ENG181-7: Writing About Literature


August 23, 2017 - December 5, 2017
DaysTimeLocationInstructorGERCreditOPUS #
11:00am - 11:50am
Callaway Center N204
Herald, Patrick
Appropriate for First Year students.

Every semester. Intensive writing course that trains students in techniques of writing and literary analysis through writing about literature. Readings and format vary in different sections. Satisfies first-year English writing requirement.

“The unexamined life is not worth living.” This quote attributed to Socrates by Plato is perhaps the most famous touchstone for philosophical debates over “the good life,” which Socrates associates here with inner reflection and the pursuit of wisdom. This course is an introduction to academic composition in which we will examine what makes life meaningful or worth living through reading and writing about literature. What does literature, particularly from the twentieth century to the present, have to say about where we find meaning in our lives? Through family bonds and intimacy? A profession or vocation? A shared cultural heritage? Education and the pursuit of knowledge and understanding? Students will explore these and other questions through reading fiction and composing in multiple genres for multiple audiences. Development of transferable writing skills by drafting and revising a writing portfolio will be a central goal of the course; your writing tasks will include an academic article, a regular writing journal, and an open-genre text composed for presentation. Likely authors covered will include JM Coetzee, Tsitsi Dangarembga, and Kazuo Ishiguro.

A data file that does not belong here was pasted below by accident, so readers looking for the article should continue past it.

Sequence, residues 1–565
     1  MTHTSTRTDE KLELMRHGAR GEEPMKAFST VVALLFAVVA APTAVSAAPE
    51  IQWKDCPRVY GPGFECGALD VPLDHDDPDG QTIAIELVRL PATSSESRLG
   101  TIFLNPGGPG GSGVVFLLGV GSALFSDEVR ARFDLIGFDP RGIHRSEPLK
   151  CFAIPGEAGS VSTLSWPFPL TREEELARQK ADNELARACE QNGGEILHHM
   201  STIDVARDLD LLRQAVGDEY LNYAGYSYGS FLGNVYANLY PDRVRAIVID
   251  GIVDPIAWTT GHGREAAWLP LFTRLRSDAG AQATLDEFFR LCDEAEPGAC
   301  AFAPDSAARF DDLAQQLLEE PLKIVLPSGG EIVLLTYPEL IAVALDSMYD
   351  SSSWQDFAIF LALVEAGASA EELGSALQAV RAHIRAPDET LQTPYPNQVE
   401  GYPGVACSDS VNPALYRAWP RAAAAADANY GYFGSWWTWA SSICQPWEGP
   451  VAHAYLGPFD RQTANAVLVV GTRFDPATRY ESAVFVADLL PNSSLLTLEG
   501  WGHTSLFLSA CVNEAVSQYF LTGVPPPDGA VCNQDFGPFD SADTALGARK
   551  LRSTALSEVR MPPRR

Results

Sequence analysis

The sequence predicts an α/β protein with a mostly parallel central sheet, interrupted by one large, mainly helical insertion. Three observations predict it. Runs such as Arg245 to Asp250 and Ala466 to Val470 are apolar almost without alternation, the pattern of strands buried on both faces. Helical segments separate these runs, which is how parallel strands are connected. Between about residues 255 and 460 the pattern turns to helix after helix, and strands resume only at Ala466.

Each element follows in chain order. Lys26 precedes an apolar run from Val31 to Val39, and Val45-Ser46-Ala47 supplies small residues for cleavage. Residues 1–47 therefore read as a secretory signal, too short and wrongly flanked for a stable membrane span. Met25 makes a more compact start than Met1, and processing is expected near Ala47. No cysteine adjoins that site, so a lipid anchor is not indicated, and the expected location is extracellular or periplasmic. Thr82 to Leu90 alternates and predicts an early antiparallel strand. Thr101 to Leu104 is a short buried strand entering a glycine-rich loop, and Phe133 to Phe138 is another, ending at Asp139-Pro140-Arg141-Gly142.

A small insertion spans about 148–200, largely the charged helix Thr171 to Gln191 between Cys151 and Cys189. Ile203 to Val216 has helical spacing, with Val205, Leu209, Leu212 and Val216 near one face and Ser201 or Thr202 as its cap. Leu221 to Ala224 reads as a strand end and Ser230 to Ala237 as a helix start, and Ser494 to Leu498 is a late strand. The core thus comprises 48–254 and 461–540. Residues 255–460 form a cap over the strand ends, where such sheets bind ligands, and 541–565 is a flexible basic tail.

The schedule of courses on O.P.U.S. is the official listing of courses, including days and times they meet and the General Education Requirements they satisfy. Students should use course descriptions as general guidelines. Course requirements, grading details, book lists, and syllabi are subject to change.